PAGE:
I didn’t want to write this review – in fact I almost forgot about it because I consciously tried to forget the movie. Adam Sandler gets his old crew together again (with one or two new faces) to go through the motions and bring out jokes and gags from their 90’s playbook – though I was surprised that Rob Schneider was missing – has he moved on?
Some say that Sandler phones the studios to convey some kind of an idea for a film, and then they all gather on set and start filming, planning the film on a day-to-day basis. Okay… so a famous guy returns to his home town where he’s nicknamed “Mr. Hollywood”, to settle with his family and old friends. He and the friends (Chris Rock, David Spade and Kevin James) seem to have trouble with the idea of getting old – constantly trying to regurgitate the ‘good-‘ol-days’.
I’m not even sure Sandler fans will enjoy this one (because I used to be one) – maybe its targeted at teenage boys, or guys wading through a mid-life crisis.
The Bottom Line
It says something when Kevin James becomes the best performer of a film – and does so without really trying. It just felt like all the actors showed up because they had nothing better to do – which is depressing. How Salma Hayek fell into this crowd is a mystery, she seems to be quite content with it though. It’s not that they’re bad, it’s just that individually (and perhaps collectively), they’re all so much better than this. And then they managed to drag Maria Bello into the mix (or mud) as well!?!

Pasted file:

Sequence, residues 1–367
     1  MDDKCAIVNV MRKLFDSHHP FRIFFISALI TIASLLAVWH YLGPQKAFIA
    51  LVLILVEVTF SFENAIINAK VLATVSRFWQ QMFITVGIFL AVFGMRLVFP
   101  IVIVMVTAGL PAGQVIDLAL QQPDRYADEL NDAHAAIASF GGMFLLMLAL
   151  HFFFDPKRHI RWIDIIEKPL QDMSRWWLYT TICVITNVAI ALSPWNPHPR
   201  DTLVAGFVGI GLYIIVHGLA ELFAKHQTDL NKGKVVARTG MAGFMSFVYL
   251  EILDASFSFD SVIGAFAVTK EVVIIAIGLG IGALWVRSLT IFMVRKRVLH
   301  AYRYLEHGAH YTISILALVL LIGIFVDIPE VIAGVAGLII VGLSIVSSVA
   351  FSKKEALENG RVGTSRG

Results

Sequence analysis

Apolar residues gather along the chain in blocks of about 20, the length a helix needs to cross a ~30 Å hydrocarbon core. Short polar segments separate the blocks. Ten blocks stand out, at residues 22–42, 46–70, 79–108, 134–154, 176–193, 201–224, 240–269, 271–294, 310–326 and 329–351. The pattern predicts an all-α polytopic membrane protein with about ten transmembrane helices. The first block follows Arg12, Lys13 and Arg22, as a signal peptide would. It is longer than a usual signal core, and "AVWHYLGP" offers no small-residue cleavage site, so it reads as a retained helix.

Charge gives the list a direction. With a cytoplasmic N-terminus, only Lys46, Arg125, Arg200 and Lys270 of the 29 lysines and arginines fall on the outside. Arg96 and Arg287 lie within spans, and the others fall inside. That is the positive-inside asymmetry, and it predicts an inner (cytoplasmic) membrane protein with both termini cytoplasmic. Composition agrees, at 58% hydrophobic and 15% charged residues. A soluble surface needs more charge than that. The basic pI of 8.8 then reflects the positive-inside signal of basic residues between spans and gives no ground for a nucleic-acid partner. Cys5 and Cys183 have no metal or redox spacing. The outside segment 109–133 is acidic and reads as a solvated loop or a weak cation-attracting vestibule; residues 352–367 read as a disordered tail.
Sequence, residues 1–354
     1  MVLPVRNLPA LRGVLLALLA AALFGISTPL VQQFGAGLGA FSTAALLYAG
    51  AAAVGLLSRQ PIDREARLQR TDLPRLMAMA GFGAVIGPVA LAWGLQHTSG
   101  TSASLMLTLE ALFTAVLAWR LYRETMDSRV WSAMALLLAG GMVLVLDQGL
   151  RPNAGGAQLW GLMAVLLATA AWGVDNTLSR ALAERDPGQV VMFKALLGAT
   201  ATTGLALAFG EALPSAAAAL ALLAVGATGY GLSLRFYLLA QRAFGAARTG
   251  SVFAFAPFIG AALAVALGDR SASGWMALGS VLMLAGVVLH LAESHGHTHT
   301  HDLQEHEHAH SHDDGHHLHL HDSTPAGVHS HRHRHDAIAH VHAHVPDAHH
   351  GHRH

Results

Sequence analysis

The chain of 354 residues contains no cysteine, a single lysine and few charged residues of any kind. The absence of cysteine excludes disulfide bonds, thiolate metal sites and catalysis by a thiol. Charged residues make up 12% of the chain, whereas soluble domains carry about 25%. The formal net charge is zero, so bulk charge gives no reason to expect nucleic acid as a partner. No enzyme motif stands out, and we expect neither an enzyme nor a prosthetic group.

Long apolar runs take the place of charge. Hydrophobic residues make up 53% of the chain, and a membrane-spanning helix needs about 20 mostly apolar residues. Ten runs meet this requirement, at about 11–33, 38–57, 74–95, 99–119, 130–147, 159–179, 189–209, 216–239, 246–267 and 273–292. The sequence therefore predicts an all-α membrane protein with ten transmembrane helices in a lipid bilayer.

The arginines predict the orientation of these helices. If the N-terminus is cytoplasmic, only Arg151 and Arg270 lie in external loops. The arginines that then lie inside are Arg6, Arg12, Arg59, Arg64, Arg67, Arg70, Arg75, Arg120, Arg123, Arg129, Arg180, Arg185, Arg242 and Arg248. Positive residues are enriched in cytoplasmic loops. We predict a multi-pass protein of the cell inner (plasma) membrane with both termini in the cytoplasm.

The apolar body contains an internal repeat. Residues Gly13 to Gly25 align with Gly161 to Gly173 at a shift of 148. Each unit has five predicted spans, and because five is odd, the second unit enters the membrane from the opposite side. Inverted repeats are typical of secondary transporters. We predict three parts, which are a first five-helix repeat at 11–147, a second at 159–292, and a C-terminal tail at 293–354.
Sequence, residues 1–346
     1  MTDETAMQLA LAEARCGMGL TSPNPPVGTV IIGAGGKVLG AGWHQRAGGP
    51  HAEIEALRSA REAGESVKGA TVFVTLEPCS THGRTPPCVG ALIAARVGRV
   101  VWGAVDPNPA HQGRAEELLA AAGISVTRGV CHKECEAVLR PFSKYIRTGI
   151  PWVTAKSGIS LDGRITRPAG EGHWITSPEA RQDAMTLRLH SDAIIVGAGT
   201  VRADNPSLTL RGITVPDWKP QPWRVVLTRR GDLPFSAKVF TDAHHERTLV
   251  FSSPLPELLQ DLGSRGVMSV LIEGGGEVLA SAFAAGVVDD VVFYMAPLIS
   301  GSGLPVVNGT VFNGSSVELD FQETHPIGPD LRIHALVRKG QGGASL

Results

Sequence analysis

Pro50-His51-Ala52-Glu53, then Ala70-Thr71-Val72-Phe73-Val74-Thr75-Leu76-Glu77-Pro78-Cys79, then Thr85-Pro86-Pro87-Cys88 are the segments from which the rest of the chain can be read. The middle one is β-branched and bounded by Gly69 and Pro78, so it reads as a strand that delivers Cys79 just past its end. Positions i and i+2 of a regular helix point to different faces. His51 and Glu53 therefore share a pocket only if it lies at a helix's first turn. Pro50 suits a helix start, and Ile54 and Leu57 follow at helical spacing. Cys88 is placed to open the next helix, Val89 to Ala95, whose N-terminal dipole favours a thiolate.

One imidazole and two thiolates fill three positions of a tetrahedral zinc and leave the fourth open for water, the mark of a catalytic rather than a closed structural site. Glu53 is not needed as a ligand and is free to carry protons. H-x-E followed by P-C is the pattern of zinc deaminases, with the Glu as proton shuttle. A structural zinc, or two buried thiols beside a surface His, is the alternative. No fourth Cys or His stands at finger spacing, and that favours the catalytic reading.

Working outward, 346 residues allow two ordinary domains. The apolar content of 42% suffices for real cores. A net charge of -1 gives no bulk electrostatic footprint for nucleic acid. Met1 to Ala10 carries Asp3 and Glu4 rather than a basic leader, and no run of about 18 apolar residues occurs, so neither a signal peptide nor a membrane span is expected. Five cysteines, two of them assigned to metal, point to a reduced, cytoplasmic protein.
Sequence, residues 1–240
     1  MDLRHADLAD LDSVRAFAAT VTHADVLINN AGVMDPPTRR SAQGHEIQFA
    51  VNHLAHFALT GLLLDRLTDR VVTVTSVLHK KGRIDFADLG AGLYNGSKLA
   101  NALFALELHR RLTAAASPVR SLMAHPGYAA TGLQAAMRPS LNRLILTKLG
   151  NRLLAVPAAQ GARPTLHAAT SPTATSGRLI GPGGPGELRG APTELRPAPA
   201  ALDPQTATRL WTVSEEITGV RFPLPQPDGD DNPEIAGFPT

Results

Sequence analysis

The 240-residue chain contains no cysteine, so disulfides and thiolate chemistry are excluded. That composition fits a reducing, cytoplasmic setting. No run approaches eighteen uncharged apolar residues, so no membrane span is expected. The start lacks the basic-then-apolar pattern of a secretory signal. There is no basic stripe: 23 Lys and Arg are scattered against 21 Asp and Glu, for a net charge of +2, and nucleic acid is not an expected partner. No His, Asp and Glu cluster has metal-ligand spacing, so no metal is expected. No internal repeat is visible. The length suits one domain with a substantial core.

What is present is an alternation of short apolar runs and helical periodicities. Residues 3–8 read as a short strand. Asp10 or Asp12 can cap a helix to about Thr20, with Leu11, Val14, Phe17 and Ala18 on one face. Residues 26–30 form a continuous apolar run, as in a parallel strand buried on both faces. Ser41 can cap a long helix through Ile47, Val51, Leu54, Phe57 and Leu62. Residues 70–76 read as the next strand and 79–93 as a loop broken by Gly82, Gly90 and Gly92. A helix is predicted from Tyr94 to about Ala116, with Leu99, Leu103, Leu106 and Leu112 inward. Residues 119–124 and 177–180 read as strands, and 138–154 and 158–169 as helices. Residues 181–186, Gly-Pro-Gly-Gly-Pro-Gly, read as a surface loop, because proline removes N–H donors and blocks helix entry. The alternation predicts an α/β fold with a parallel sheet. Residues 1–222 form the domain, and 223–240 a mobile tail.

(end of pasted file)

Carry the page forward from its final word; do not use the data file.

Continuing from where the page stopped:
The potential highlight of the film though, is the group of exaggerated buff frat boys, led by Taylor Lautner and Milo Ventimiglia who have a strange, tension filled, ‘bro-love’ thing going on.
Otherwise it’s a volley of them (the actors) laughing tiredly at their own jokes or pranks with a family of characters exclaiming “WHAAAT?!” at every other turn. Shaquille O’Neal makes more than an appearance, along with Stone Cold Steve Austin… more than half the characters are dim-witted and everyone seems to find the same things funny – like the sneeze-burp-fart. Yes, that’s basically it – I chuckled once at something one of the female characters said, I forget who or what scene, but the cinema remained largely quiet (although I did hear some embarrassed laughter on several occasions). I suppose that’s how some might approach it; some people may laugh a little, only to subsequently go stare at themselves in the mirror, guilt struck, to think about what they’ve done because quite frankly we deserve, and are, better than this – I urge you, I IMPLORE you, DO NOT waste your well earned money on this film!
Joel did mention that this film is actually an improvement from Sandler’s most recent work – which to me, is just depressing. Fo’ Shame Adam Sandler, For’ Shame!